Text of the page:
Saturday’s conflict has the occasionally enigmatic A.J. Burnett facing rookie Junichi Tazawa. Tazawa’s Minor League numbers were good, and he pitched well against Detroit in his first start, but the Tigers don’t have a lineup half as deep as that of the Yankees. If the Yankees can lay off of Tazawa’s splitter, or he’s a bit twitchy in locating it, he’ll be out of the game quickly. Finally, Sunday’s 8 p.m. game has CC Sabathia and Josh Beckett dueling, and with Sabathia’s recent run of good starts and Beckett’s great stuff, that should be a game worth tolerating Joe Morgan for. Keep in mind that whatever happens with the starters, the two best bullpens in baseball this year are contained in Fenway Park during this series. The Yankees are No. 1 in wins added, the Red Sox No. 2.   

The Yankees are playing with the house’s money here. If they lose the series, even if they get swept, they would retain a significant lead. If they win or sweep, they can probably put the champagne on ice. The Red Sox are tough at Fenway (38-18, .679) but all the pressure is on them. Unlike the last time these two teams met, the only way this series will be historic is if the Yankees execute another sweep for a New Millennium version of 1978’s Boston Massacre. It ain’t over ’til it’s over, but with a 9.5-game lead, it would be pretty darned close.

As always with Yankees-Red Sox series, I’ll be filing updates throughout the weekend. See you then.

Pitchers, Ransom need to step it up

ccsabathiapblog041609.jpgOPENING DAY U-TURN
The pomp of the first Opening Day at Yankee Stadium: The Sequel was all well and good, but in the end the club has to execute. The Yankees confronted a 2-7 Indians club led by Cliff Lee, a potential flash in the pan who had been thoroughly mistreated by his every opponent in Spring Training and his first two starts. The Yankees bowed, in part because the offense stranded 27 runners, in part because Jose Veras and Damaso Marte (who hasn’t been the same pitcher with the Yankees he was prior) played arsonist, and if you’re looking for a third culprit, point to CC Sabathia, who negated his ability to throw 120 pitches by burning through them in less than six innings.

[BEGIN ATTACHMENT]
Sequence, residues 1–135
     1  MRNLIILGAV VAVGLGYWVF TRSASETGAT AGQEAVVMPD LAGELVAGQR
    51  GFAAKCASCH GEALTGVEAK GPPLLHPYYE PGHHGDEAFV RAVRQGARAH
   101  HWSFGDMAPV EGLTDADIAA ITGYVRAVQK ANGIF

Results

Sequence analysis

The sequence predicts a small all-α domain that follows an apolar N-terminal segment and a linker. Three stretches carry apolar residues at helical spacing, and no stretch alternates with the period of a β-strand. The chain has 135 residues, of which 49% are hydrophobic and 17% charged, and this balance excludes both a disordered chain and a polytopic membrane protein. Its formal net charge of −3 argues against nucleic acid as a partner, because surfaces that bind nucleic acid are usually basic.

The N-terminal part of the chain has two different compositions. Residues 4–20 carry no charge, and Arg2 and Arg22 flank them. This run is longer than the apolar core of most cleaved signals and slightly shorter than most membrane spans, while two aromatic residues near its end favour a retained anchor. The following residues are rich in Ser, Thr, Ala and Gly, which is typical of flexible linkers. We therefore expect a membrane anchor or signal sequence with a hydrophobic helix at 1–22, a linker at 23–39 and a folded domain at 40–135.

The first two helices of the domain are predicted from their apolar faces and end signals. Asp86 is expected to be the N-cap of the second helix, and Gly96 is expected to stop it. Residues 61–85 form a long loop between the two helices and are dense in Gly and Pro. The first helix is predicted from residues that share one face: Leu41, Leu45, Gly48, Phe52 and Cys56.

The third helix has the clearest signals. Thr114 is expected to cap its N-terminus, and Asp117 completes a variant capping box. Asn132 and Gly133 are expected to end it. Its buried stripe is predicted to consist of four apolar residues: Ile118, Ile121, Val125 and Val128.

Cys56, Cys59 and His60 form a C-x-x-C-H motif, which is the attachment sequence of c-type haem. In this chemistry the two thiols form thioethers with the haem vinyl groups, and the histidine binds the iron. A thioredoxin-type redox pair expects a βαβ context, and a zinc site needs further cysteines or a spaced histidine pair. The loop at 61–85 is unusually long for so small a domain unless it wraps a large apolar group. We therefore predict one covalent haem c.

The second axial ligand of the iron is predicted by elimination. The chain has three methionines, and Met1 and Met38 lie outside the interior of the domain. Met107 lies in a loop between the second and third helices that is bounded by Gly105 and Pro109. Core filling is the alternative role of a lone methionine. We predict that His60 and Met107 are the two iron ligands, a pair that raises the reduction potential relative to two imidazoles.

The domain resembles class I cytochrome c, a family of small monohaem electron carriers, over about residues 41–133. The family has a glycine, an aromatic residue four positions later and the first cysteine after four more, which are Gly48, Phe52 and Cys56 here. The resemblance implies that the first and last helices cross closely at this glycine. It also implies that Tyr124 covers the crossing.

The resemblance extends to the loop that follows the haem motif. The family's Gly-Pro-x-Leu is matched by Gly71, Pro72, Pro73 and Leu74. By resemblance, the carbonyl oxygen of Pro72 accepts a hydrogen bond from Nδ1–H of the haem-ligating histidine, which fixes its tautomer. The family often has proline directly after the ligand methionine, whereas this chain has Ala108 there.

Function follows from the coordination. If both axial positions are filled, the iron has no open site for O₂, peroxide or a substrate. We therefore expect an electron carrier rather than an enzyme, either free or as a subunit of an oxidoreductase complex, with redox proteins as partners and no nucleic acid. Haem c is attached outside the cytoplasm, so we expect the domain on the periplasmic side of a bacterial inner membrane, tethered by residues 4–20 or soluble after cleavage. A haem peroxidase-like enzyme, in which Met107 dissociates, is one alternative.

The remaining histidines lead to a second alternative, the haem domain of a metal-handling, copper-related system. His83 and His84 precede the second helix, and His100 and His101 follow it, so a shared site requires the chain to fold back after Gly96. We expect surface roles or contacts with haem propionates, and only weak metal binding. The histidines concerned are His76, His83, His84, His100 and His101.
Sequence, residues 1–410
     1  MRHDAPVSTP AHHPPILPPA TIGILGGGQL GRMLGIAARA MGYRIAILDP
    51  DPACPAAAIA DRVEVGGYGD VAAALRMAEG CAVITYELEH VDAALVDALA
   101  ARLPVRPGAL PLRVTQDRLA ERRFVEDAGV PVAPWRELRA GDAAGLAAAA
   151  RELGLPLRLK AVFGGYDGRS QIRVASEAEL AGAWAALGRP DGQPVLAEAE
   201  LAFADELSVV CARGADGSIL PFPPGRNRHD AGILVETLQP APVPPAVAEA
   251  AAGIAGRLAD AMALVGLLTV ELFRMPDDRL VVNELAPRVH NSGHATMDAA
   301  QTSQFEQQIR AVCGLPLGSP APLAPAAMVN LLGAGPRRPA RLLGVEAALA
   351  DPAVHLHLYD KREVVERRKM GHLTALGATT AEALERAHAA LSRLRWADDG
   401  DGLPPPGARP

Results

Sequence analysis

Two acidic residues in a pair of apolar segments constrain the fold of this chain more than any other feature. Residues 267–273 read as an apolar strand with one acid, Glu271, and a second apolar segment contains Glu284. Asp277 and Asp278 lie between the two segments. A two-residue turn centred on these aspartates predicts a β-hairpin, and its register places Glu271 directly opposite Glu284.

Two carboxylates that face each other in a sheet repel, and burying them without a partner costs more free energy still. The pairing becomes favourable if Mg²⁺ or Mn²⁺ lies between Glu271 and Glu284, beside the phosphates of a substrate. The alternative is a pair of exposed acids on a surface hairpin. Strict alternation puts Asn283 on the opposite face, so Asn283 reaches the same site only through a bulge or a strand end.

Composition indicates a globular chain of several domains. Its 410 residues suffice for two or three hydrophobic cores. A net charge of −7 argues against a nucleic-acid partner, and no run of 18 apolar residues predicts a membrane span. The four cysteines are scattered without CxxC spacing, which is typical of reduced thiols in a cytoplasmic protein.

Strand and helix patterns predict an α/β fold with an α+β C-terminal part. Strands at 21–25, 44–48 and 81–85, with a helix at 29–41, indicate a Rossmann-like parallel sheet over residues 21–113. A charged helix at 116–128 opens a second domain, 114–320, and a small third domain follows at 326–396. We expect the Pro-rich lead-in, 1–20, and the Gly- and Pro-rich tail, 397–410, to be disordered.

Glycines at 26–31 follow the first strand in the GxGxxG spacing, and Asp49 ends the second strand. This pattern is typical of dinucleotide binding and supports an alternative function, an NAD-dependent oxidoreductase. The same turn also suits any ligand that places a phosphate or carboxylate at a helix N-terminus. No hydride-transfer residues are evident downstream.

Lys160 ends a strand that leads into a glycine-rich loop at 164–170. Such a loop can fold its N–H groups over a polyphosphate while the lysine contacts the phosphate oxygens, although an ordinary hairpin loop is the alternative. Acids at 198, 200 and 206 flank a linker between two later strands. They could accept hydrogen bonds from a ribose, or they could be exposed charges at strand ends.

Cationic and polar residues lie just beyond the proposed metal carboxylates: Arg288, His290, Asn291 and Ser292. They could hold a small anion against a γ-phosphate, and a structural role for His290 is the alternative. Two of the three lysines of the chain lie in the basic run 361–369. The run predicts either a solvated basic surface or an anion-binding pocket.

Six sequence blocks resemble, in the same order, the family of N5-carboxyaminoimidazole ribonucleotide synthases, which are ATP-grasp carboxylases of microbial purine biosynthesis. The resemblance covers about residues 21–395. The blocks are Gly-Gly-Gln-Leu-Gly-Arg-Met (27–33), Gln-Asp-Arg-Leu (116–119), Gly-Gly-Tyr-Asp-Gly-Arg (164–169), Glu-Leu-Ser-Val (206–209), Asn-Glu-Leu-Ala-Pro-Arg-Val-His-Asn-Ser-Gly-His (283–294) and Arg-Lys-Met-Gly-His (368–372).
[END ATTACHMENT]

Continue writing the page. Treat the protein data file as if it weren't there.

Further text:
Thanks the amazing nine-run seventh inning pitched by Veras and Marte, pitching will receive the bill for this afternoon’s debacle, but the offense could have changed the complexion of the game at any time. Despite getting the first hit at YS: TS, Johnny Damon stranded five runners. Despite hitting the first home run at YS: TS, Jorge Posada stranded six. Special credit must go to Cody Ransom. Ransom’s first at-bat came in the second inning with one out and Robby Cano at second base. The third baseman struck out. In his next at-bat, in the bottom of the fourth, he batted with Hideki Matsui on first base and flew out to right field. He came to the plate again in the fifth with runners on first and third. He grounded to short. Runners were on first and second with two outs in the bottom of the seventh when Ransom struck out again. Finally, with one out and the bases loaded in the bottom of the ninth, the Yankees just looking for some dignity, or maybe a miracle comeback, Ransom grounded into a 4-6-3 double play. He left nine runners on base, and presumably because the Yankees are carrying 13 pitchers and no bench players, Joe Girardi let him.

The Yankees’ 5-5 start is discouraging, but it’s not as depressing as is Ransom’s first 10 games as A-Rod substitute. Ransom is not a kid. He’s a 33-year-old vet. He has had six shots at a big league career since 2001 without ever catching on. We are likely looking at his last chance to have at least a single season in the major leagues, first as Alex Rodriguez’s substitute, then as his caddy. The odds were against Ransom succeeding, because his long experience in the minors showed that he would not hit with enough consistency. Despite this, his small-sample hot streak of last fall gave hope that he could make it. This is the kind of player who is great fun to root for. Unfortunately, Ransom is now 3-for-30 with 10 strikeouts, and it is difficult to see how the Yankees can afford to keep playing him, however quickly A-Rod is expected to come back, or even how they can retain him on the Major League roster once Rodriguez is active. Thursday’s defeat had many fathers, but any kind of contribution from Ransom early on might have meant a different complexion to the game.